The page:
So, why write a CLI? Practically, a simple CLI can make configuring a script as simple as changing a couple of command line arguments. Let’s say you’ve got a script set up on an orchestration service (maybe something like Jenkins) that regularly retrains your latest and greatest Tweet sentiment classifier. Let’s say it’s a Scikit-Learn Random Forest. …
If you’re familiar with the Data Science software ecosystem in Python, you’ll likely have come across a handful of widely used dashboarding and data visualization tools designed for programmatic usage (e.g. to be embedded in notebooks or to be served as standalone web-apps). For the last few years, the likes of Dash, Bokeh and Voila have been some of the biggest open-source players in this space. Within the world of R, there’s also the long-standing champion of dashboarding tools: Shiny.
With this relatively mature ecosystem in place, you may question the need for a yet another framework to join the pack. But that’s exactly what the team over at Streamlit are doing: introducing a brand new framework for building data applications. What’s more, they’ve created quite a bit of buzz around their project too, so much so that they recently closed a $21M Series A funding round to allow them to continue developing their framework. …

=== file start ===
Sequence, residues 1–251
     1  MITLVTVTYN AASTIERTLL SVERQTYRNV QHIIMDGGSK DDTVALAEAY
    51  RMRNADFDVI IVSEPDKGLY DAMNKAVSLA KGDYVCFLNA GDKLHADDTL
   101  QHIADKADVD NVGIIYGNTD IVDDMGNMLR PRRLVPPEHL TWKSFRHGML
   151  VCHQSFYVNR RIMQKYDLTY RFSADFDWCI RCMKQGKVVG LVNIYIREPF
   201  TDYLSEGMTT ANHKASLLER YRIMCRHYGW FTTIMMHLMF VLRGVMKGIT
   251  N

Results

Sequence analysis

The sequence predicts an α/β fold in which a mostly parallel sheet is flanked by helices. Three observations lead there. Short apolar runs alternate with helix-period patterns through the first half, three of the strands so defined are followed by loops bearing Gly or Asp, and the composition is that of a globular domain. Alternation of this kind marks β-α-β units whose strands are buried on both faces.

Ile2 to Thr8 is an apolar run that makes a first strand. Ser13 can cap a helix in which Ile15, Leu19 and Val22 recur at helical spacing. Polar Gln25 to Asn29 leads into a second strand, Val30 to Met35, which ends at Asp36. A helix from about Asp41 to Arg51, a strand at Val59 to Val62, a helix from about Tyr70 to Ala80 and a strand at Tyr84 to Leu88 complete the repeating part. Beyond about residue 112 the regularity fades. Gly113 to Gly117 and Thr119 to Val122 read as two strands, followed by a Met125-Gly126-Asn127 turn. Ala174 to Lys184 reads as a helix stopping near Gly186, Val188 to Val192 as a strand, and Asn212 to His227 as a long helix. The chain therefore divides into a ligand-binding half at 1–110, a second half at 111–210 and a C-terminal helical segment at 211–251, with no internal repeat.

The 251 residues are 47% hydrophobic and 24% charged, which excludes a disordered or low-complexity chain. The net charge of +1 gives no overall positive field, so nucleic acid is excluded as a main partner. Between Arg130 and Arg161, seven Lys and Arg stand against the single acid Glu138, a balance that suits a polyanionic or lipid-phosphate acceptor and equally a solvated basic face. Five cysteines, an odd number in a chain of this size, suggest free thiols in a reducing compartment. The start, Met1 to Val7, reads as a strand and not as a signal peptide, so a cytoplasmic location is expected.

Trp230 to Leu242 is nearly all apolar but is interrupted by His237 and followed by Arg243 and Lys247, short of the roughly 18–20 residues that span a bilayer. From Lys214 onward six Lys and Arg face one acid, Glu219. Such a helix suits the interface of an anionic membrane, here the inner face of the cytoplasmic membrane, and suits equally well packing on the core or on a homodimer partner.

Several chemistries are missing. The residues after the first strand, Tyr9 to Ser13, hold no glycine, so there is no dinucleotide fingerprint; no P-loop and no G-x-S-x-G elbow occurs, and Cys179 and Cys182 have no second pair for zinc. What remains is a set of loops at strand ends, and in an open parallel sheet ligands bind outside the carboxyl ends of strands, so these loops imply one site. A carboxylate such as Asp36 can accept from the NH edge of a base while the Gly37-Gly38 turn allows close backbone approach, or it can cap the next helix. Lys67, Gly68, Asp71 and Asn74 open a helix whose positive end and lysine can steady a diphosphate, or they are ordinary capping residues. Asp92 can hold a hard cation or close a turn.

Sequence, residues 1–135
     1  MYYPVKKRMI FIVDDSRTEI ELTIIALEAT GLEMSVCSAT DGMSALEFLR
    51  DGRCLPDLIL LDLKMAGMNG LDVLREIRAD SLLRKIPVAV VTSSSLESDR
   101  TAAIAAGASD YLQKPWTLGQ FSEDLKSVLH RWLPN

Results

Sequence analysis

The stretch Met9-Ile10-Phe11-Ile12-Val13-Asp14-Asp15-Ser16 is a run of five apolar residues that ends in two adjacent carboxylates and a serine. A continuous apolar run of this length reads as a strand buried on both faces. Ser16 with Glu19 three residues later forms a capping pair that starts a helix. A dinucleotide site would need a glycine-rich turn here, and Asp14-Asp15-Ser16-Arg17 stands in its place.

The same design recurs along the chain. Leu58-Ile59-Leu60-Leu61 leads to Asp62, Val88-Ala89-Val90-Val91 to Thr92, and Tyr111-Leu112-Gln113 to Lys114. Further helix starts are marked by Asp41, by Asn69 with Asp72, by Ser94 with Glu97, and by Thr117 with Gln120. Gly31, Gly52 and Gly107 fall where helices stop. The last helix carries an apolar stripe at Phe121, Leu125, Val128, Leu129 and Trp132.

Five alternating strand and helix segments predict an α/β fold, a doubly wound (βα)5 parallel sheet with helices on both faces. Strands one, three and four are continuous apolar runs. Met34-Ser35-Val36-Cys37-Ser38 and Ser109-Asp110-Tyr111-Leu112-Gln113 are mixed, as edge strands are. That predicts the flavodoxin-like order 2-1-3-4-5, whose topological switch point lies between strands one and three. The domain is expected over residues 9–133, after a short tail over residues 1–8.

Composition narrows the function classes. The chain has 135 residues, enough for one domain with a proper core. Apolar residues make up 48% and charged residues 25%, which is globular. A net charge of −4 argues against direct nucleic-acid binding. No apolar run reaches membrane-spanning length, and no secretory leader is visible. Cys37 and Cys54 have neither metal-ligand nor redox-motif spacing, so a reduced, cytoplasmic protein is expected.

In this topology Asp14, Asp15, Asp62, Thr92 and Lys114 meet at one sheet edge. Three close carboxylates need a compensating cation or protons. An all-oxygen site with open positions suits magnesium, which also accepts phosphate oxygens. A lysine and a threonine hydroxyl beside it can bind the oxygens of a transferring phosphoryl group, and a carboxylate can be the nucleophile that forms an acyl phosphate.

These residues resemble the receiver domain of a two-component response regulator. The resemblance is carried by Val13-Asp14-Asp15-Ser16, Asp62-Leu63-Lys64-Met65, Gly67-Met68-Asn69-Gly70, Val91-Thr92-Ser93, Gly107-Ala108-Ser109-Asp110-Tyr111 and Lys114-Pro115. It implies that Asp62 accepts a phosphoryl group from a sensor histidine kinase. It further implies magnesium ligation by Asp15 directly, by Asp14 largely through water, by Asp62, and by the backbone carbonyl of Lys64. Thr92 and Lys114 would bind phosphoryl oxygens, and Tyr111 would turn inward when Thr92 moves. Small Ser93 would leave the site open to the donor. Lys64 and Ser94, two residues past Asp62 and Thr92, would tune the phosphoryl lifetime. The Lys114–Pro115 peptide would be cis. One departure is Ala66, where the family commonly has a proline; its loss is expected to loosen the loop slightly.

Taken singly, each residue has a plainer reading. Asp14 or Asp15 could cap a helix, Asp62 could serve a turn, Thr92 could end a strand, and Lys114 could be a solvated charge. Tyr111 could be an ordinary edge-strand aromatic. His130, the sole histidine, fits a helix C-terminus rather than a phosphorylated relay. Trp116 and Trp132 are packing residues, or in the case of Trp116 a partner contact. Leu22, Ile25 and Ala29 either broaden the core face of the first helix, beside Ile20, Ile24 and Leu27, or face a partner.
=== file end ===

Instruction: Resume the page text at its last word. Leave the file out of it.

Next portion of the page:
If you’ve been programming for at least a little while, you’ll likely have come across (and perhaps used) Object Oriented Programming (OOP) concepts and language-features. This programming paradigm has been a central concept in software engineering since the mid-90’s, and can provide some very powerful capabilities to programmers — especially when used carefully.